While Windows7 was in the trial period, “Maybe” The People trying the Operating System Didn’t find anything wrong with Notepad,(If they used it at all) to report back to the Developers at Microsoft.
    On the other hand! This is why, I agree with Leo! New Products & Services, (offered to people), Have been, (more then likely) Time Tested & Tweaked. The Tweaks to Notepad, If any? Notepad – (a Minimal Word Processor)In my view. Has been Adequate enough for me,in days gone bye. “As of this comment”, I have not been informed of any Changes or Tweaks to Notepad.
    There are Better Word Processors out there, “if” People need to do more.
    All the Opinions Expressed, in the above statement(s)Are! This Readers & This Readers only.
    I Express, You Decide.

    Reply
  7. You’re kidding, right? RIGHT??? PLEASE tell me you’re kidding! Someone is COMPLAINING about a bug in NOTEPAD!?! We’ve got millions of freaking nuclear missiles pointed at each other’s heads, and someone is complaining about some little bug in NOTEPAD!?

    I am SO freaking tempted to fling an insult here. But I’ll take the high road. Look: There are plenty of substitues for Notepad, and all of them do such a superior job to that program that there is NO Earthly reason for ANYONE to stay with Notepad who isn’t happy with it. My own personal favorite is called “TxEdit 2000“. It costs $14.95 USD, and is available from:

                            Software By Design  by Gregory Braun.

    Other substitutes will readily be found by searching CNet, SoftPedia, MajorGeeks, TuCows, or any other reputable freeware or shareware download site.

    [inflammatory comment removed by moderator]

    Notepad isn’t the issue here. The real issue is, in general, about reporting bugs in Windows.

    Leo
    07-Aug-2010

    Reply
  8. Hi Leo, great article. I think it’s hard to tell people sometimes that it’s not the software a lot of the time that’s causing the issue. For the business I work for we use a database program that is maintained by a relatively small company – which is good because if anything seems odd or ‘buggy’ I can just call them and get to speak to a real person and get a response straight away. But I rarely have to actually call them because the simple fact is most staff at my workplace complain of the software doing things on its own and blame it for deleting things or not doing what its supposed to. I find it hard to get across the idea to the users that programs don’t just do random, malicious things on their own, and after I investigate the issues 99% of the complaints against the software are operator based. Not saying all programs are faultless, but they are definitely not as faulty as a lot of people think. But its difficult to shift that mindset.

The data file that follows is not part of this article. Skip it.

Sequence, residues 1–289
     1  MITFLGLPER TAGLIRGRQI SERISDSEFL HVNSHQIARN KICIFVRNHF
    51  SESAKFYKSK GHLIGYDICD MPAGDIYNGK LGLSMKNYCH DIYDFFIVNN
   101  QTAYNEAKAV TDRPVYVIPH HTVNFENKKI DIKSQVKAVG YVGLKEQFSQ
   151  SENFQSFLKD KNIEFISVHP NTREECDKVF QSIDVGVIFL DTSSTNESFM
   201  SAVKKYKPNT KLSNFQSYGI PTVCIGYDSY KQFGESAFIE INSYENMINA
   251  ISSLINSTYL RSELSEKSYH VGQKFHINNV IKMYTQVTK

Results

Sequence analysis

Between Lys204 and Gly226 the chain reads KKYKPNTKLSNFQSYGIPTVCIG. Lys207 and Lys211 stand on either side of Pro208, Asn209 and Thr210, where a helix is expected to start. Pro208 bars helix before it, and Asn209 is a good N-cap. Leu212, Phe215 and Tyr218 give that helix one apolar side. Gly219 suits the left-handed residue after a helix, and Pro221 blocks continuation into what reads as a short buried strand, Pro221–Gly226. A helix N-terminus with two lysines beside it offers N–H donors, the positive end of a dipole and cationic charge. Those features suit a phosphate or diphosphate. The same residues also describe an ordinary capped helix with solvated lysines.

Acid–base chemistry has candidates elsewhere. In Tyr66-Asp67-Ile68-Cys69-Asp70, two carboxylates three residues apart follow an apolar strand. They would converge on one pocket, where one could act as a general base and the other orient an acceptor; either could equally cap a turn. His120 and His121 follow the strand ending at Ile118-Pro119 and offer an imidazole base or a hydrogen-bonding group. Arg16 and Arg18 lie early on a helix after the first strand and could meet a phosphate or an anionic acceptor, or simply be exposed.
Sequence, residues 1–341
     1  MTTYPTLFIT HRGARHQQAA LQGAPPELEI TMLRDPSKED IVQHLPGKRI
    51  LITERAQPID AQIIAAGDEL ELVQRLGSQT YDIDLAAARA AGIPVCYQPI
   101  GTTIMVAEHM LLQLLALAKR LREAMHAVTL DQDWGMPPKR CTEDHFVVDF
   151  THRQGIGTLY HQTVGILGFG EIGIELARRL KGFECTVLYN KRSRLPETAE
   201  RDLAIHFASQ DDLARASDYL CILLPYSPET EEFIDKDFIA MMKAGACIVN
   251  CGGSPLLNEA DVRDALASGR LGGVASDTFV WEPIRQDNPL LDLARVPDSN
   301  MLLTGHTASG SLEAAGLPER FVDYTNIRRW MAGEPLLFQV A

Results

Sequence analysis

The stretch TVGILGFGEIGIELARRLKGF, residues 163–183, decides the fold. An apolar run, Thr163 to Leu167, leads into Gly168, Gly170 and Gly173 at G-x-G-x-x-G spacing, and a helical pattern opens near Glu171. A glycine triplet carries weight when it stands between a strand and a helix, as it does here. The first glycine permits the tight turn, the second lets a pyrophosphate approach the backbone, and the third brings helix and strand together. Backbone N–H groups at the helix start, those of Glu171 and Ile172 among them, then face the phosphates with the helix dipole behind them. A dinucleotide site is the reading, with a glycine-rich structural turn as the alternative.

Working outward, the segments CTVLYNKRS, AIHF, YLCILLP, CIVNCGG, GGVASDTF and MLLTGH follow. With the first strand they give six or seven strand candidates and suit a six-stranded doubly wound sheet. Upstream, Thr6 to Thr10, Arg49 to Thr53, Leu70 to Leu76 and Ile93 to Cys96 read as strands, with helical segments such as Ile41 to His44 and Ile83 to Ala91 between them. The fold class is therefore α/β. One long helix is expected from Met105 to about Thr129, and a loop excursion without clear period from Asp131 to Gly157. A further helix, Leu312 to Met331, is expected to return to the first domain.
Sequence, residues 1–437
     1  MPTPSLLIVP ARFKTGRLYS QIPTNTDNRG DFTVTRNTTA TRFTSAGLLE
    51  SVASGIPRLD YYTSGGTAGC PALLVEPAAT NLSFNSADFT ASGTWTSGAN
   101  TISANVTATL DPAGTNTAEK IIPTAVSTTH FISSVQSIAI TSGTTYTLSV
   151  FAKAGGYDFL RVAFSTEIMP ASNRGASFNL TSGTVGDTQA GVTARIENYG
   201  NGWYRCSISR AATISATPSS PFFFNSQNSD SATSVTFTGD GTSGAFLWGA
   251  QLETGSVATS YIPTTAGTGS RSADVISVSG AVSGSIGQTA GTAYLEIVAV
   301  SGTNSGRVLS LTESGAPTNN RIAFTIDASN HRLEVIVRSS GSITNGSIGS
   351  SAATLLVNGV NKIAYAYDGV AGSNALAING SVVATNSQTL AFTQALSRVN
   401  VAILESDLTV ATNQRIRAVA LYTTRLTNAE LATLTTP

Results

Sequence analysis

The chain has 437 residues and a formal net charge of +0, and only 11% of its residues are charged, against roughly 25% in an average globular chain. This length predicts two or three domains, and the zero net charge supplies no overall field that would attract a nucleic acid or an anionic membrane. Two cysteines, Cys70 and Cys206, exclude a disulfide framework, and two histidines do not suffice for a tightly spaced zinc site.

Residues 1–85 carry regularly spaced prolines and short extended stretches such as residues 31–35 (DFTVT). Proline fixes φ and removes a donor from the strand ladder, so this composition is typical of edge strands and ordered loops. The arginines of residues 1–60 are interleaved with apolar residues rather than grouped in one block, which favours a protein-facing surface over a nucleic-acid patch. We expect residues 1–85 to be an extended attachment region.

Also re: the complaint about notepad. If it copies OK left to right, then whats the big deal if it doesn’t do it right to left?!? Just copy left to right…problem solved!! 🙂

    Reply
  9. Okay, I can’t tell you how to report a bug,but I can tell you there is more than one way to scroll. If you scroll left by holding down the mouse button and moving your hand to the left, you will only be able to select what is actually seen on the screen. Instead,try using the arrow keys on your keyboard. Click to the right of the sentence, hold down the Shift key, and press and hold the left arrow key until the whole sentence is selected or highlighted all the way to the left including what was not previously showing on the screen.

    Maybe there is still a “bug” if one method works and not the other, but this solves what Leo calls “operator malfunction”. The operator can function again now without having to report the “bug”.

    Reply
  10. Yes, Glenn P. I posted this question. And yes, it’s the end of the world, and I’m reporting bugs in Notepad. You see, it’s not the bug that is the problem, I was using Notepad as an IDE for Javascript while VS 2010 was downloading, and the main problem I have is how to report this bug. I mean clearly, it was just looked over when the developers made the new notepad, and I was wondering how it would be possible to let Microsoft know of this. I’ll call that number, and see if one day, I can get my solution to this. Yes, people are trying to find cures for cancer, but I’m just finding a cure for a bug in Notepad.

    Reply
  11. Sometimes “operator error” in certain programs are not so much the result of operator error, but rather the result of confusing, overly complicated, or “incomplete” instructions, or information contained in the help topic, user guide, or instructions, generally. Developers often assume, especially in rather sophisticated programs, that the user has sufficient grounding to understand their instructions, therefore ‘skip’ certain steps, or explanations judged as rudimentary. In many cases this is understandable. Yet I have encountered numerous cases where developers provided instructions that are, at least in part, seemingly drafted to appeal to fully trained operators within a particular program type. In such scenarios, the ‘bug’ is actually the failure to provide straight forward instructions. This shortcoming warrants the same need as reporting real bugs. Moreover, if an operator neglects to even read the user information, generally, and specifically if a so-called bug arises, they are not in a position to complain. Often programs have known bug, duly noted within the user information. Further, there are usually associated forums available for review, that may well address relevant issues.